This contact with older items can open up another world, often especially through aspects of a score that are peripheral to the musical content itself. For example, at the processing desk I recently stumbled across this vocal score of Mendelssohn’s Lauda Sion (published c. 1877 by Novello, Ewer & Co). The striking design and typography of the score’s front cover is just the starting point here: on the inside cover we have an advert for The Musical Times, ‘the largest and best Musical Journal in existence … [containing] Occasional Notes on passing events, and accounts of Musical Performances in all provincial towns, as well as those which take place on the Continent, in the Colonies, and wherever the Art is cultivated.’ On the back cover, meanwhile, ‘Messrs. NOVELLO, EWER & Co. beg to announce’ that a list of works, including Mozart’s Requiem Mass and Gounod’s Messe Solennelle ‘may now be had at a uniform rate of ONE SHILLING EACH.’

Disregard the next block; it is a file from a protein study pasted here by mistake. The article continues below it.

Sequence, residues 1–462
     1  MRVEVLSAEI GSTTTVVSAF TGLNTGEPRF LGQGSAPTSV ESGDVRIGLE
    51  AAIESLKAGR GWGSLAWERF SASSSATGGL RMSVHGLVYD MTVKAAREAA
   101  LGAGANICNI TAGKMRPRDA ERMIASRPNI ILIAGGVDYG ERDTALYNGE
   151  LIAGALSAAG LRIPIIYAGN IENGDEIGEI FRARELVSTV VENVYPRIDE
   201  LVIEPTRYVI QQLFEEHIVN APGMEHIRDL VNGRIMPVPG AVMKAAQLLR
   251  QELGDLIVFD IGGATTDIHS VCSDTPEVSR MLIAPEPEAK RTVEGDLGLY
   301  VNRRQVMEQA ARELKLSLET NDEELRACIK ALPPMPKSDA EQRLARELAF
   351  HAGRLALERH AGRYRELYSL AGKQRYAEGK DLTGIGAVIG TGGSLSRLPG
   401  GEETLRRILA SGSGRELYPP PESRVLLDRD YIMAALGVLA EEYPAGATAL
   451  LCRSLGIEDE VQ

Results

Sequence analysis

However, it’s when I look at the necessary repairs for this score that things get really interesting. A number of this copy’s pages have broken away from the book’s binding, revealing the inside of the spine. Seemingly tucked inside the spine is yet more manuscript – a serendipitiously-positioned footer (see image below) informs us that this is part of a Novello score for Handel’s Messiah. Jubilant at this unexpected discovery, I consult our cataloguer Helen, who tells me that sheets of paper (a then valuable commodity) from old copies were often used as binding reinforcement for new books – a practice spanning centuries which has led to discoveries of rare manuscript fragments from 13th-century Notre Dame and medieval Hebrew texts, to name a few. Libraries holding books which contain important fragments in the binding might choose to repair the book in a way that simultaneously conserves and renders visible the fragment in the spine. In our case though, pragmatism won the day, and, somewhat sadly, I sealed up the pages so that the snippet from Handel’s Messiah was once again hidden from view.